late 1800s or early 1900s
Wood, colorant, and upholstery studs
42.2 cm (16 5/8 in.)
Purchase from the J. H. Wade Fund 2016.33
Figures such as this, known as ofika, were central to the initiation practices and the enforcement of laws among the all-male Lilwa association, a hierarchical organization that served educational, judicial, political, economic, and ritual functions among the Mbole. Meant to instill a moral code and to act as a cautionary symbol during initiation for Lilwa novices, ofika figures are believed to represent criminals who were ritually hanged for transgressions against Lilwa laws. The figure’s encrusted surface imitates how members covered their bodies with a substance made of ashes and palm oil during burial rites.
The information about this object, including provenance information, is based on historic information and may not be currently accurate or complete. Research on objects is an ongoing process, but the information about this object may not reflect the most current information available to CMA. If you notice a mistake or have additional information about this object, please email email@example.com.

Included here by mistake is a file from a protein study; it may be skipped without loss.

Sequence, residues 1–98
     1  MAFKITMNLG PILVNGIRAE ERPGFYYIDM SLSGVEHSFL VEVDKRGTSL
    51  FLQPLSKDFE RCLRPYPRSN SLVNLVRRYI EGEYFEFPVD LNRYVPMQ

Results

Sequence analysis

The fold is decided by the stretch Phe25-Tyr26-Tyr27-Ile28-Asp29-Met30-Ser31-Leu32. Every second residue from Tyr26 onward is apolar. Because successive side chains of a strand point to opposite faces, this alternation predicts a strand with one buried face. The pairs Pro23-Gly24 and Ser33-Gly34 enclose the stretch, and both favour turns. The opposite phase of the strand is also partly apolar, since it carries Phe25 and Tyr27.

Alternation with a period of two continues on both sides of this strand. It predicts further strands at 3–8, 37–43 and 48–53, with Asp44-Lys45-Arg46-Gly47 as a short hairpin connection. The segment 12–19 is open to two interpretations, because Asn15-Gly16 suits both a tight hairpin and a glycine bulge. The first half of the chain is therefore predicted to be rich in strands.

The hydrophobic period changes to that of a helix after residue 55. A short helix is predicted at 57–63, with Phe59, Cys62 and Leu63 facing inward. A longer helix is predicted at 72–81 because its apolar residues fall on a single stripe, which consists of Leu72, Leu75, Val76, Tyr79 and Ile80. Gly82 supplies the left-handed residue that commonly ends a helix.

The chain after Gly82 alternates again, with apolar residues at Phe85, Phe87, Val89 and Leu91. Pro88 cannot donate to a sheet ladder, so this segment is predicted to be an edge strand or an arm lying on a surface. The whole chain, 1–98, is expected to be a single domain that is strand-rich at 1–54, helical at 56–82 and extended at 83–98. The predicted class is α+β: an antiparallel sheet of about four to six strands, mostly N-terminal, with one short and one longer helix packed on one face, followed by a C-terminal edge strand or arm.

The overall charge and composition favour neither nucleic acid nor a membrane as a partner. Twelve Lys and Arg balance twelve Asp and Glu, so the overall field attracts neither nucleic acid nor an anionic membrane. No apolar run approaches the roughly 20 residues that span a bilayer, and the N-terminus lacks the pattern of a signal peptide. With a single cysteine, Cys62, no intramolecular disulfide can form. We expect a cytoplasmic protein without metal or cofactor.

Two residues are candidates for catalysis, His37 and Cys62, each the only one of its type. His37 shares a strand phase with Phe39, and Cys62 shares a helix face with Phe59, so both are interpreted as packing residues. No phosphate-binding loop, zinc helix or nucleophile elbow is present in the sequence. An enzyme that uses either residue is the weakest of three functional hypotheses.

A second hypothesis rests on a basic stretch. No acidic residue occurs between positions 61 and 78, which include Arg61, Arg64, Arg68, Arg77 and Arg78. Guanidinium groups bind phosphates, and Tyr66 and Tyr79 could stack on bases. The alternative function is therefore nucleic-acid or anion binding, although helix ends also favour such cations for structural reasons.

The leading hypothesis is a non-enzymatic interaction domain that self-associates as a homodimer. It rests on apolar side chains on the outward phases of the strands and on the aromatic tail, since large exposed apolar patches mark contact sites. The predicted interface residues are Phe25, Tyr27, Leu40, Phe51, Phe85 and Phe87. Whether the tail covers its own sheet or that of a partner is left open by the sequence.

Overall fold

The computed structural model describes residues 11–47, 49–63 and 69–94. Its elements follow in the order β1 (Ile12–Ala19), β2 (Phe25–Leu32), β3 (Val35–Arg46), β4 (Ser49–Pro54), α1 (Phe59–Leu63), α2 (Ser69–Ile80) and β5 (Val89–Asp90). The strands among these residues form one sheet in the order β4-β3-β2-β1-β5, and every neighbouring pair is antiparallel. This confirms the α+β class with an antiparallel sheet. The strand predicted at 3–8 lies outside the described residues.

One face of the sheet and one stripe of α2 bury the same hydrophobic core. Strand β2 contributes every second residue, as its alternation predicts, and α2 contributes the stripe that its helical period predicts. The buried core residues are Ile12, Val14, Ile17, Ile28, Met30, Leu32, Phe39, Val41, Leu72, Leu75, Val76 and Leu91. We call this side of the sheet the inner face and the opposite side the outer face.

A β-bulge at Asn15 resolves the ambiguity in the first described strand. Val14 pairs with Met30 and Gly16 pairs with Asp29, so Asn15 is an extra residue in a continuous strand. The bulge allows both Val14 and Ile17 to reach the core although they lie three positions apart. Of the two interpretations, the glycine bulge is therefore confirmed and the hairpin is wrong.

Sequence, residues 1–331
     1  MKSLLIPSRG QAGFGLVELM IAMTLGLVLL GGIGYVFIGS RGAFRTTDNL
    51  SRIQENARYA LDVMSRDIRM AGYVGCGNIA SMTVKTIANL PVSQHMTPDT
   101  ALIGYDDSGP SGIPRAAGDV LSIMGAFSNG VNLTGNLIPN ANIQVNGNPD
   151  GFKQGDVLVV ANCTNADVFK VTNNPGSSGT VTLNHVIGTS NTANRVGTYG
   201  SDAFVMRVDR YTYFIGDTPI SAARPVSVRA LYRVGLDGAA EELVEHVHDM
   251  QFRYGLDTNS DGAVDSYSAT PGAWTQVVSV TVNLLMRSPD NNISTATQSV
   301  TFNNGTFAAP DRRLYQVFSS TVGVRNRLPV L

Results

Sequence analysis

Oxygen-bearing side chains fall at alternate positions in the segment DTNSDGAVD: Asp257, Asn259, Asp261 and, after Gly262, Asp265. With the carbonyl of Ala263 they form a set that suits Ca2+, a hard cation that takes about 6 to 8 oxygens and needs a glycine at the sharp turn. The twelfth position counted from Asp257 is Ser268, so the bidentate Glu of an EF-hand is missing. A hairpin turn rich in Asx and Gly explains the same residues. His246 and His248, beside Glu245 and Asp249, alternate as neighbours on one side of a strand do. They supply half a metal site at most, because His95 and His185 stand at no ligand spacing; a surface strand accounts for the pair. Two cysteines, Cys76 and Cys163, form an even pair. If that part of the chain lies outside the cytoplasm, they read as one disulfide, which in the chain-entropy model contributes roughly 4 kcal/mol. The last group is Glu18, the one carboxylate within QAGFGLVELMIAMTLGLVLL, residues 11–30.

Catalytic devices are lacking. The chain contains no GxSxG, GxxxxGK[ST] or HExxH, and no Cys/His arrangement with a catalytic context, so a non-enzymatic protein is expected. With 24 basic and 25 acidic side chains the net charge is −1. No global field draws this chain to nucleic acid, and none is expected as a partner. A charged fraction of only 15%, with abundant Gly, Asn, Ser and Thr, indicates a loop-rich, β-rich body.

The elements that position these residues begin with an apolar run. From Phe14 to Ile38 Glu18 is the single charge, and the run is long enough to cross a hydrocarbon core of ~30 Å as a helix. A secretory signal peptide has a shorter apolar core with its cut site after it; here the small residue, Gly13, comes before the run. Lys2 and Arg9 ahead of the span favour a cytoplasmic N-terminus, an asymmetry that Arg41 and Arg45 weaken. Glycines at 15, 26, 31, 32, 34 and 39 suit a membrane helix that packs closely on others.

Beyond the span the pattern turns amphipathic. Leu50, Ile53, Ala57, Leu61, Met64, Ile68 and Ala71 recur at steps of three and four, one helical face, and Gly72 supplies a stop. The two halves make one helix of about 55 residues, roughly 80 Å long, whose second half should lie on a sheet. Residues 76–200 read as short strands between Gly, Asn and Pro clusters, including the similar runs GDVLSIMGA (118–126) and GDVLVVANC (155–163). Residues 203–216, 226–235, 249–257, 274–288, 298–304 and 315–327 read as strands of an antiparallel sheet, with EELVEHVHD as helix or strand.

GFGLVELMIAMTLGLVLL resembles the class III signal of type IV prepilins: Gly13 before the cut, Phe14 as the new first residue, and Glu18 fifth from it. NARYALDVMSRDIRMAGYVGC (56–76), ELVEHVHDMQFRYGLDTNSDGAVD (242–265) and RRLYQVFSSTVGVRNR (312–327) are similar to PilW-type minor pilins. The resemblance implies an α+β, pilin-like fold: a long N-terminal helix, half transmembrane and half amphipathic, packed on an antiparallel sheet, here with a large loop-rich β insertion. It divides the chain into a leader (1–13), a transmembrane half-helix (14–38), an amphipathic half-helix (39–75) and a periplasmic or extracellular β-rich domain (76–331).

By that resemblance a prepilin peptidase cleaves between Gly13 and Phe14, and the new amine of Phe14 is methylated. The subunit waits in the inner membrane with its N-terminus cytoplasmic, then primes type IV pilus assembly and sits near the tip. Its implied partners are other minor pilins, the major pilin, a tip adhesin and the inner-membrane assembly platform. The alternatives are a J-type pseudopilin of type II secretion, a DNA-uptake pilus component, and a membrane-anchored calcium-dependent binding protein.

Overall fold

To request more information about this object, study images, or bibliography, contact the Ingalls Library Reference Desk.
Request a digital file from Image Services that is not available through CC0, a detail image, or any image with a color bar. If you have questions about requesting an image, please email firstname.lastname@example.org.